Now in its second year, Kapow! Comic Convention converged on London UK this past weekend. While a bit of a comic novice, I’ve been seeing more films of late either based on comic books, or inspired by the format. So I spent an afternoon at the convention, wandering the aisles, attending panels, and getting a sneak preview of an upcoming film.
According to Gillian at the UK blog Comics Anonymous, the UK is only now just coming out of the comics closet. She told me this when I expressed surprise that Kapow wasn’t much larger. I don’t want to say that as a negative; the few times I’ve been to Fan Expo, for example, I’ve found it far too big to handle. On the plus side, Kapow is big enough to see a wide range of work, yet small enough to be incredibly friendly. Everyone I talked to, from artists to writers to shop owners, was happy to answer my (I’m sure very amateur) questions. There were large and small vendors, and an artists’ alley for aspiring comics creators. There was also a wrestling ring, where various versions of Kick-Ass and Spider-Man duked it out.
Rufus Sewell was on hand to introduce the red band trailer and a few choice clips from his upcoming film Abraham Lincoln: Vampire Hunter. Based on the novel of the same name, the film is, well, pretty self-explanatory from the title. Before he became president, Honest Abe discovered the existence of vampires, their desire to take over America for themselves, and his destiny to wipe them out. Directed by Timur Bekmambetov (Wanted, Day Watch, Night Watch), what I had seen so far was pretty impressive, both in art direction and action. Unfortunately, the clips were shown in 3D with some pretty fancy new glasses that have computer chips to supposedly enhance the experience but didn’t work (not just mine; most of the audience’s.) It was preferable to watch a slightly fizzy picture rather something sometimes green, sometimes red, and still fuzzy. The clips were of Lincoln’s first kill, confession to his future wife, and an attack on a vampire nest. Like the trailer, they all look amazing. Benjamin Walker is a solid Lincoln and Sewell is in his element as the head vampire baddy. Not having read the book, I hope there is some attempt to use the vampires as a metaphor for the situation in the US at that point in history, rather than an easy cash grab of name recognition.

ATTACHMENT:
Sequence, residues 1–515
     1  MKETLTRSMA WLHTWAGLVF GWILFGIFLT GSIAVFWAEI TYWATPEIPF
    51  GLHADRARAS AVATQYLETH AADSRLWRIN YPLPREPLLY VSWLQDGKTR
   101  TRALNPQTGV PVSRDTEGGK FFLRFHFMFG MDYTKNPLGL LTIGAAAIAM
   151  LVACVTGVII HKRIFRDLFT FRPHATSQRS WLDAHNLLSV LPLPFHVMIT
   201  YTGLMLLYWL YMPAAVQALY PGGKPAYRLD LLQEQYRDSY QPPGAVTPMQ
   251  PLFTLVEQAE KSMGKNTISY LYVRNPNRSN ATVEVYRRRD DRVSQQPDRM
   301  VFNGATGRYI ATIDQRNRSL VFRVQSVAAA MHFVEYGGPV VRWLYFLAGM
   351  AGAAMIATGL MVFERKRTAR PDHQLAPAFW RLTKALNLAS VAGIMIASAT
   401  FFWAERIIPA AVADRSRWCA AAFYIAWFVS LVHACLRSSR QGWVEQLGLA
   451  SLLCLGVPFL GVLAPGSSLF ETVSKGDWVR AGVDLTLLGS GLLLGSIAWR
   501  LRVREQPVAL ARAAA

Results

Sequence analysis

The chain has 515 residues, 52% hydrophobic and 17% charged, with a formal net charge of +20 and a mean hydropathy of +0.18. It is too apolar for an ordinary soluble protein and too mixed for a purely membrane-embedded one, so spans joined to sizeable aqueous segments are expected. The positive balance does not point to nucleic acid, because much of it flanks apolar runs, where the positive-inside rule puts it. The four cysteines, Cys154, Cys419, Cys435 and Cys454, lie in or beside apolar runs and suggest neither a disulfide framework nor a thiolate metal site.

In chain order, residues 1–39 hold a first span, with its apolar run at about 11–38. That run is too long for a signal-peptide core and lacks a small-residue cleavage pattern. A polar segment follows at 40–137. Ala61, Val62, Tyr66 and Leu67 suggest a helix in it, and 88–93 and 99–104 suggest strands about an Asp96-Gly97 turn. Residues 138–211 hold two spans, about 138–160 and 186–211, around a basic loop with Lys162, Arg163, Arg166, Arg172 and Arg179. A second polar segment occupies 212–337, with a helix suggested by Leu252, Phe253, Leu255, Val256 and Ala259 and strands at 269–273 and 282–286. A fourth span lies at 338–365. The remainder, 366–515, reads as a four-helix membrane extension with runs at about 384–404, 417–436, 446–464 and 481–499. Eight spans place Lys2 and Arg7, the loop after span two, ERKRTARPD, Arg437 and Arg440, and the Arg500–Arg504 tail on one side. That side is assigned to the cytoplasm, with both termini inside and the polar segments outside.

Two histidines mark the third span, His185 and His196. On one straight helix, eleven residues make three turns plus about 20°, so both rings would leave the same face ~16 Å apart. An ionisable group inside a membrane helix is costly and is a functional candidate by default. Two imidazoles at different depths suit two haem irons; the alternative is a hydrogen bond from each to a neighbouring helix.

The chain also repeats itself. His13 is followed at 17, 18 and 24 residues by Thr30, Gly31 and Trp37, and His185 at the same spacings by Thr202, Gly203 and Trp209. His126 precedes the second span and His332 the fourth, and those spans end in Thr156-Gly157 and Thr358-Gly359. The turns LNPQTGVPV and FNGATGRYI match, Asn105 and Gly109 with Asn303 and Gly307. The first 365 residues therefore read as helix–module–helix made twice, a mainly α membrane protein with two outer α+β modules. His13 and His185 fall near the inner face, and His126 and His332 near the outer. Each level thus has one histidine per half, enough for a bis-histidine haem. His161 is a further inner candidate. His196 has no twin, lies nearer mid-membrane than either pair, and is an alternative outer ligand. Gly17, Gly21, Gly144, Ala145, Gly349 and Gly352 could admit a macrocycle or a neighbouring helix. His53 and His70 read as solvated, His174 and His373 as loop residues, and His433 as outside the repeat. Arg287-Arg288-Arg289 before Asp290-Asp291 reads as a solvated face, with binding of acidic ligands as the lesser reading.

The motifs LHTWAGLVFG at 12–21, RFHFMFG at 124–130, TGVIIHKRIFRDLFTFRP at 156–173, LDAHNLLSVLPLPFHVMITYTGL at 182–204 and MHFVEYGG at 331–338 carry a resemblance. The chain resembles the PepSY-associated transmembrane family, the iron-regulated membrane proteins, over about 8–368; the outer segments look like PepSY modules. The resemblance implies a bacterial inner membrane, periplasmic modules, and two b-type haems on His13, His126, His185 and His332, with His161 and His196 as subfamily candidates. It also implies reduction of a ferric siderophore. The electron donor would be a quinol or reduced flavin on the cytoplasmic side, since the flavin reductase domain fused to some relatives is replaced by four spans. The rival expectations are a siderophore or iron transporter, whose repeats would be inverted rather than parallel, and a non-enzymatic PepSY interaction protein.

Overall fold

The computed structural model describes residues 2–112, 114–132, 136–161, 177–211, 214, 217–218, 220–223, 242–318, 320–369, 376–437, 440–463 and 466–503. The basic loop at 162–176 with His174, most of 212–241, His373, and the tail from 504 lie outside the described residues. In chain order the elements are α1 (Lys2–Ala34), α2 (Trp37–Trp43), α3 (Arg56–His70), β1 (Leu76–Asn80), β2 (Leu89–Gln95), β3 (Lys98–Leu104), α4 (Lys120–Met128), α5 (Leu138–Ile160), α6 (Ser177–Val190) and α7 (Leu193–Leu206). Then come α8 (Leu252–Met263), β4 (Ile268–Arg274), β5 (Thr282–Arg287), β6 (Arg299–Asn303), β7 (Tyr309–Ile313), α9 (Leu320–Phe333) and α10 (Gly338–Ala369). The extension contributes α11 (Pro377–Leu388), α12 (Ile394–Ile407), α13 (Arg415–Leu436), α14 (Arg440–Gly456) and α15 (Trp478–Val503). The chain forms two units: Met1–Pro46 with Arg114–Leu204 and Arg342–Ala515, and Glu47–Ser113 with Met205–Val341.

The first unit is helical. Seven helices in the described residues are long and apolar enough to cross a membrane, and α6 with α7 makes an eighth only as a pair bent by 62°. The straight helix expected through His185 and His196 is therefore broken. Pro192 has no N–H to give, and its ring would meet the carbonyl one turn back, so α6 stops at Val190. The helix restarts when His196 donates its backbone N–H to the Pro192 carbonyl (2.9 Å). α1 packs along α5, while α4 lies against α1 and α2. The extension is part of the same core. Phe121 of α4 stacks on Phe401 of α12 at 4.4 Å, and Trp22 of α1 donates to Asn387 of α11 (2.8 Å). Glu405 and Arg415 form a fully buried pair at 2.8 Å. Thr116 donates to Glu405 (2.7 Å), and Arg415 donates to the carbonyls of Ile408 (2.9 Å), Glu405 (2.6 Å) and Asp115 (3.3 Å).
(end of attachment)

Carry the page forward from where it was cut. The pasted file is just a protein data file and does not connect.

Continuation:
One of the biggest (if not the biggest) UK comic names these days is Mark Millar. Two of his series, Wanted and Kick-Ass, have already been made into films, and a third, Supercrooks, is in preproduction. A panel featuring Millar, artists Frank Quitely and Dave Gibbons, and Supercrooks director Nacho Vigalondo (Timecrimes) was extremely popular; Millar unveiled a few pages from upcoming comics Jupiter’s Children and Hit Girl. Millar is a great writer, and the various artists he works with all find a unique style for each different comic. I picked up the first two issues of Secret Service, which are great fun. Millar, Quitely and Gibbons were all very funny and friendly, giving interesting advice to aspiring comic writers and artists about the joys and realities of the career path. Millar and Vigalondo also talked about the film of Supercrooks, including revealing their dream cast, which apparently includes Bradley Cooper and Jon Hamm. Someone call these guys now.
Vigalondo also participated in a director’s panel with Gareth Edwards, who is directing the upcoming reboot of Godzilla, and Jeff Wadlow, who is helming Kick-Ass 2. They each had insights on the task of adapting comics to the screen (as opposed to novels or original scripts), the joys and difficulties of creating moving images when there is already a visual reference, and their own paths, inspirations and advice.
There were several panels that I wasn’t able to attend. Actor Nick Frost (Shaun of the Dead, Hot Fuzz) apparently gave a very funny interview about his work; Peter Serafinowicz (Shaun of the Dead, Running Wilde) launched a new comic project; footage was shown from the new Amazing Spider-Man movie; and Warren Ellis drew a huge crowd. As a newcomer to the comic world, this was a great place for an introduction, and it piqued my interest to the point where I now know the best comic shops in the city. Next year I plan top attend the whole weekend.
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